And their birth names have precious meaning as well which we love. Mariama means "Gift of God." And Magar is "Guardian." (and from that first picture we had of them with his sweet little hand holding her shoulder, I would like to imagine that he is and will always be a guardian for her).

So I love that. I love every little piece of information...every little piece of the puzzle that will help us tell them their story. And it is an amazing story.

Wednesday, September 19, 2007

blessed.

I have made some significant connections in the last several days with other adoptive moms. Feel so blessed to share in the journey. It is a much easier road to walk together.

And our siblings as well have been oh so supportive and kind. Spread acorss the US, they have provided very practical assistance, financial aid, and online research. I can't even tell you how thankful we are for them.

We also have other family and some faithful friends who have stood with us through each step...listening to me process, and cry, and panic. And loving us and loving our kids with faithful committment...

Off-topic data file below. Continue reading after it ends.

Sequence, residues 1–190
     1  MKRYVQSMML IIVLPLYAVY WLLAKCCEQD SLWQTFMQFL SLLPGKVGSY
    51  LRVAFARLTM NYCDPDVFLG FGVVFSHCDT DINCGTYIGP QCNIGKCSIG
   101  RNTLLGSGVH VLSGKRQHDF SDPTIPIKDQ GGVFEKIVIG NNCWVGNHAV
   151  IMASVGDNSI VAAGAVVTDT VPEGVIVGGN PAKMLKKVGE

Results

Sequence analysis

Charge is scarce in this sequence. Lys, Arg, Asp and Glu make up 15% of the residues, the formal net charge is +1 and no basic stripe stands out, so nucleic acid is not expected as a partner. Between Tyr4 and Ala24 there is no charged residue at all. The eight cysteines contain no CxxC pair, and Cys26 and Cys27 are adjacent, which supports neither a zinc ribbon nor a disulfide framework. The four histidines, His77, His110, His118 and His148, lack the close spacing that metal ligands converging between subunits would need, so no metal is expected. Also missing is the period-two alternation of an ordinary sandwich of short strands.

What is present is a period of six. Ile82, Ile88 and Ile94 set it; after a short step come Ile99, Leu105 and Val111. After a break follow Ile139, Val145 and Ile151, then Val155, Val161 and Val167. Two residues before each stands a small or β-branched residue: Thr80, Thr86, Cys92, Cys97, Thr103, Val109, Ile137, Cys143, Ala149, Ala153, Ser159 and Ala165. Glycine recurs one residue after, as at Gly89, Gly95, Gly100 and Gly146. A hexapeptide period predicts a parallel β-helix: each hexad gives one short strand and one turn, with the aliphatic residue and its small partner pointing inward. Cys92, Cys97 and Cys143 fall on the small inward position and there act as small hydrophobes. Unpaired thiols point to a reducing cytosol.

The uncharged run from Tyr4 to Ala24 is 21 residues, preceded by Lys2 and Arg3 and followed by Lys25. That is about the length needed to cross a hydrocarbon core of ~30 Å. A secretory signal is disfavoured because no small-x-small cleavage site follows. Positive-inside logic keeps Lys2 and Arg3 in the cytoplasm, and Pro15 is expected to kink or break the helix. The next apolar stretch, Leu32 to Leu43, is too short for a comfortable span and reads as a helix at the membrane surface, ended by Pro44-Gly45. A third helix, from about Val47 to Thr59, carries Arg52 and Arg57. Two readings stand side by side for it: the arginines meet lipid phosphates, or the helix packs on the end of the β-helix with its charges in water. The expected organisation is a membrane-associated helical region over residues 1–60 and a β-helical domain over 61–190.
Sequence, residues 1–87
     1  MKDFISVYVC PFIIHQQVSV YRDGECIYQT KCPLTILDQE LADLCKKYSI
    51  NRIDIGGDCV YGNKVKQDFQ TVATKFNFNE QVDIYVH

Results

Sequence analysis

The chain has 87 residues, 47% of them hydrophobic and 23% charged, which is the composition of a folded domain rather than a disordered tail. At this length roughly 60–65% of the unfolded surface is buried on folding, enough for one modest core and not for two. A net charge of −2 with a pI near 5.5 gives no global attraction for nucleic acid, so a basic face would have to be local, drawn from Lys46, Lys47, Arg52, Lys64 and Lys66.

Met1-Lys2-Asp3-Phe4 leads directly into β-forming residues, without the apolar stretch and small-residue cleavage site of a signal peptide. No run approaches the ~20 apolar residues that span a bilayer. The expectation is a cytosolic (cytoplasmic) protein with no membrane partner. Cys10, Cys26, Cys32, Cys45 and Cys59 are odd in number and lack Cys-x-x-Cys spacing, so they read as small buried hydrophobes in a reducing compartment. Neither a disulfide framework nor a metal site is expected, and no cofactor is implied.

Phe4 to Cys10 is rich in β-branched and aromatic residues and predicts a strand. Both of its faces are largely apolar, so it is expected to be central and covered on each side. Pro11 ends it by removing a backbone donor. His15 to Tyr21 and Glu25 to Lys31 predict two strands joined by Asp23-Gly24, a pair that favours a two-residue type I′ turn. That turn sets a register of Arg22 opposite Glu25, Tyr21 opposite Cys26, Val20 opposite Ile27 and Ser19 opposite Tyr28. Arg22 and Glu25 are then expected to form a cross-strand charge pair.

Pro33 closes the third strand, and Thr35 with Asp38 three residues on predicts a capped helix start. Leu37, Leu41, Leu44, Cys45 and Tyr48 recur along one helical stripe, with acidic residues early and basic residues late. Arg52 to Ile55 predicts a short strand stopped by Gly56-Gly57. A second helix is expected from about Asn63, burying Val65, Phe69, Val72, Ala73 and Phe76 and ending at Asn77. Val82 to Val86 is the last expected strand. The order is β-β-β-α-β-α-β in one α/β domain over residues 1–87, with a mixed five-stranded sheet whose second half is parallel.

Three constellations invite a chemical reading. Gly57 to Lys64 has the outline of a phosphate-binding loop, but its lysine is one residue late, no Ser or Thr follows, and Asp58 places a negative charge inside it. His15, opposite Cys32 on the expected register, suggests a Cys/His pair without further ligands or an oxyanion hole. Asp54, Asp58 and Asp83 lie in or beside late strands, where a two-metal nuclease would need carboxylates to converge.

I started to get a little sad today thinking of all the hoops we still have to jump through to get Zeke and Kora home. I was overwhelmed by the length of time it will be before I can hold them as only a mother holds her children.

But these people give me strength...they make me brave... and I am eternally grateful.

Tuesday, September 18, 2007

fund raising.

I have added a thermometer thing to the sidebar to show the progress of our fund raising for the adoption expenses. We made a large payment upon the acceptance of the referral clearing out the money we had saved from Andy's extra jobs ect.. We are starting from the ground now to raise the remaining 20,000 dollars we will need to bring Zeke and Kora home. We don't want to make a big push or go over the top with fund raising...we just want the information to be available as to where we are at. We are trusting God to prompt and direct people's hearts as they desire to support us...and we are so very grateful for every penny, every prayer, every word of encouragement. We know we are not doing this alone.

Monday, September 17, 2007

And the Names!

Names. Oh, to give these new children names has been very difficult. There were lots of rules--